In this book, the author tells the story of how Sargent created this beautiful painting, Carnation, Lily, Lily, Rose, during a very low point in his career.
This period of time was soon after the unveiling of the infamous portrait painting of Madame Guatreau---soon to be called Madame X because of the scandal of her dress strap falling off her shoulder (that's a whole other blog post). After the scandal, Sargent actually considered hanging up his palette and brushes!!
The distraught Sargent sought a safe haven in the English countryside where he spent the summer among friends, artists, and writers, escaping the stuffy Paris Salon. Sargent nursed his wounds and thought over his next career move.
One evening at twilight he had watched some children lighting paper lanterns hung between rose bushes in a garden. With new inspiration he recreated the scene outdoors in a garden, having children pose for him during the 20 or so minutes of delicate twilight each evening.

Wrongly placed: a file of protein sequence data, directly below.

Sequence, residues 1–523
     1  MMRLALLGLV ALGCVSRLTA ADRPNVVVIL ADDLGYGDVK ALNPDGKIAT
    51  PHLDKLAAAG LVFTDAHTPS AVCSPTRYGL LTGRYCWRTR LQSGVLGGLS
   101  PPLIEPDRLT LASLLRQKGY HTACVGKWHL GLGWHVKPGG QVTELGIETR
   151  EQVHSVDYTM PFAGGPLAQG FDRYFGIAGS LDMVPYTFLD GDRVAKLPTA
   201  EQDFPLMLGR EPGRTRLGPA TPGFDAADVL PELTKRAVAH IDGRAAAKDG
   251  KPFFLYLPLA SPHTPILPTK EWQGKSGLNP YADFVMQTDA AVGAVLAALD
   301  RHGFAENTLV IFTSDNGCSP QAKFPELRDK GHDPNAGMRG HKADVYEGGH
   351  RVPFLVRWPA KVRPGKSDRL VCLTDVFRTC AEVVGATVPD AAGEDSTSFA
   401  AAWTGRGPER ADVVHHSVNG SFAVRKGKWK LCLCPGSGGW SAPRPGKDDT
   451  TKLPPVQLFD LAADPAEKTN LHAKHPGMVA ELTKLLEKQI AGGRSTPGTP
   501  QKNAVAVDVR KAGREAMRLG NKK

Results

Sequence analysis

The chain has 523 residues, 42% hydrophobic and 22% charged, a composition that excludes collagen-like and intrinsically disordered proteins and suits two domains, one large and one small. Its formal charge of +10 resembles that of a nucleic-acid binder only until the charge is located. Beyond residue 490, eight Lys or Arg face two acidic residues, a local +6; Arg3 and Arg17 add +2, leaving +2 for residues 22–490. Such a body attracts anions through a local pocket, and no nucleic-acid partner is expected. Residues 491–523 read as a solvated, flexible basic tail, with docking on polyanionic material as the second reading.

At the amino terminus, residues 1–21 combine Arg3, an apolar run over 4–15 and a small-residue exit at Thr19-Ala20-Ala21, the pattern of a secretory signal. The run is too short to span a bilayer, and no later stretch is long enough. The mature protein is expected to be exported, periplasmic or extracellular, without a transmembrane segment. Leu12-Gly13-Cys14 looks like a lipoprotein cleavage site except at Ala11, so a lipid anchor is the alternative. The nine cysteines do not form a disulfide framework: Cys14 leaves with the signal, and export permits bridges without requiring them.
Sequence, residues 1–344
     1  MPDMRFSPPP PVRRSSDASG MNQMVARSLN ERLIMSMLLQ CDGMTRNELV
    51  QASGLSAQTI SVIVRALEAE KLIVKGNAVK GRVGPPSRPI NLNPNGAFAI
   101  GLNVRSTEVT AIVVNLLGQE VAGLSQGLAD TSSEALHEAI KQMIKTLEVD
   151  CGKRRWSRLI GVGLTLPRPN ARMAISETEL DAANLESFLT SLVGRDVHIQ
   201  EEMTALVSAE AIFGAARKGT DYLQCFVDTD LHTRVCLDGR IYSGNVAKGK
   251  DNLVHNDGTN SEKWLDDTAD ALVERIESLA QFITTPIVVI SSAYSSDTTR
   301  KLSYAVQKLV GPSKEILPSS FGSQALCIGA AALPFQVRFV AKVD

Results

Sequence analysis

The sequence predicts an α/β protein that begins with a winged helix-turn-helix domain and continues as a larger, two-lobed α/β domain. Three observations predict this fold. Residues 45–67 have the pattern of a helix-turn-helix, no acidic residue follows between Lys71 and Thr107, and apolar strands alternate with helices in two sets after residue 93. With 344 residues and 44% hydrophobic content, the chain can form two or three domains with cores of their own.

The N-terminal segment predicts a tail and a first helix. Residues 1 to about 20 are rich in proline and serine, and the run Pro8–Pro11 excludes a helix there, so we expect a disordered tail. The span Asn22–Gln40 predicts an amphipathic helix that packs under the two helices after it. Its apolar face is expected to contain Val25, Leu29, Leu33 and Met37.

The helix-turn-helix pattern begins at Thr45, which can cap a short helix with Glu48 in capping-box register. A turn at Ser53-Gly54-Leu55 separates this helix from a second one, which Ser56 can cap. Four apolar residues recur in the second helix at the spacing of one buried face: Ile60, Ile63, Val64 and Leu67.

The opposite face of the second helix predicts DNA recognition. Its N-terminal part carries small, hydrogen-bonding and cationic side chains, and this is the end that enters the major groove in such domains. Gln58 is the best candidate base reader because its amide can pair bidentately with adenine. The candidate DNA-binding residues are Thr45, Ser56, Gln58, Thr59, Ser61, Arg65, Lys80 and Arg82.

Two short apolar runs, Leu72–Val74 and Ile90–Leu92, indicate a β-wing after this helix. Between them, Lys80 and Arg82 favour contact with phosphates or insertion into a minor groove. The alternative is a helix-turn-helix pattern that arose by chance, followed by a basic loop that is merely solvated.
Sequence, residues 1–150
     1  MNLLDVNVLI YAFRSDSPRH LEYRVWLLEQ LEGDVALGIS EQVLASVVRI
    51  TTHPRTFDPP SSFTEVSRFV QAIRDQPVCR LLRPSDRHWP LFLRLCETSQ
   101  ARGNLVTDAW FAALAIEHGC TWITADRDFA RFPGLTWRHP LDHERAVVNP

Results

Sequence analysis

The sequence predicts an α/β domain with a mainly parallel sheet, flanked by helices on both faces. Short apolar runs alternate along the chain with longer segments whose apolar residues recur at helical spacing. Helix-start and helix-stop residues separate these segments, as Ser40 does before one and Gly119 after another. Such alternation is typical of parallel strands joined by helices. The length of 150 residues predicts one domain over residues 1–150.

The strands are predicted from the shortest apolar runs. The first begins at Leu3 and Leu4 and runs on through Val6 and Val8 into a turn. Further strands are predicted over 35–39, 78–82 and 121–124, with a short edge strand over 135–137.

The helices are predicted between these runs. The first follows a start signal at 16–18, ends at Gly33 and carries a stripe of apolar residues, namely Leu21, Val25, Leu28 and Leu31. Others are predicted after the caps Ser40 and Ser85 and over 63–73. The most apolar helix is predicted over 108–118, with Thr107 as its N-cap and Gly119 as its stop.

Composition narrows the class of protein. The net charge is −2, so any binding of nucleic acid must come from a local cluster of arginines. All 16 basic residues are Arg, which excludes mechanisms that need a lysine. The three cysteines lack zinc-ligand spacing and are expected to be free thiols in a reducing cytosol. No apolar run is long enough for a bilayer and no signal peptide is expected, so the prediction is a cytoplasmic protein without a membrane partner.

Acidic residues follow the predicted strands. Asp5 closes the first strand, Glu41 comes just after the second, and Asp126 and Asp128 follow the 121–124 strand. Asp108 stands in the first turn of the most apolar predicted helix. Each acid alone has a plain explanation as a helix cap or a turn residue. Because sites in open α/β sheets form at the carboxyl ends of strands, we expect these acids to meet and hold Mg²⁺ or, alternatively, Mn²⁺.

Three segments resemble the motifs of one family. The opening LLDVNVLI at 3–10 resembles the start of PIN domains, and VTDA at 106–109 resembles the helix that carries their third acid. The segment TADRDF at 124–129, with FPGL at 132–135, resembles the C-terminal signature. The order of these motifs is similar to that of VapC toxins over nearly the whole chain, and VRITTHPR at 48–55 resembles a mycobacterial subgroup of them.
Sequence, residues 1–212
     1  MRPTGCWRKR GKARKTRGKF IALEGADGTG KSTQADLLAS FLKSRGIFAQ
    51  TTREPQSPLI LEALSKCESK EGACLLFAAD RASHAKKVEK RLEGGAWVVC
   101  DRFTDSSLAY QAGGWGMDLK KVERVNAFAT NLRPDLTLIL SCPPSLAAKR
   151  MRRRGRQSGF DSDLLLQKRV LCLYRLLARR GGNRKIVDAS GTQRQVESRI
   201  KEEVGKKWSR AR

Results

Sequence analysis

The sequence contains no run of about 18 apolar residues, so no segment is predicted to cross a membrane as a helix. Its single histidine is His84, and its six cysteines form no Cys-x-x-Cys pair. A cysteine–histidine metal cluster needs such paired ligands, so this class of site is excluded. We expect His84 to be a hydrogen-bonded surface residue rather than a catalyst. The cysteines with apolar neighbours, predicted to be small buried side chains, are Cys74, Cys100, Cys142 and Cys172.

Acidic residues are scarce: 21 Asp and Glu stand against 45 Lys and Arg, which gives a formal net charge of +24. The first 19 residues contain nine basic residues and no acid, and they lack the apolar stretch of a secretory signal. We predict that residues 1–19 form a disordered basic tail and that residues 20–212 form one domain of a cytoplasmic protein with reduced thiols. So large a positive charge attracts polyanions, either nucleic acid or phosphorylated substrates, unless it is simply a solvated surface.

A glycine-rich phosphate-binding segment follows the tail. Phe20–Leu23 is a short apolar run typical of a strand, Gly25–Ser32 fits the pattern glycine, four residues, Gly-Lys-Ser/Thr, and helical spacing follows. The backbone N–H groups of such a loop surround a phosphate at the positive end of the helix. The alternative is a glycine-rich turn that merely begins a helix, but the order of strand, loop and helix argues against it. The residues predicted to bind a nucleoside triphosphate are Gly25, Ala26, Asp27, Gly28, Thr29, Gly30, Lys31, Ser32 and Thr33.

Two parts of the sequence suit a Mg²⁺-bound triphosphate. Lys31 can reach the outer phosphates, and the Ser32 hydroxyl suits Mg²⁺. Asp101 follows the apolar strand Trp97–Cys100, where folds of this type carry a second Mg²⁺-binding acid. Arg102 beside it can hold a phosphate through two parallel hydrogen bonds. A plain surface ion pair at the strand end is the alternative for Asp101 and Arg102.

To capture the beautiful, transient light, he painted this outdoors on the grounds of his friends estate. He continued painting from August through November, 1885. Cold weather arrived before he was able to finish the painting. He continued off and on until 1887.
When it was finally finished and exhibited it was proclaimed a masterpiece! It hangs today in the Tate Gallery in London.
This story fascinates me, offering a window into this particular moment in Sargent's life.
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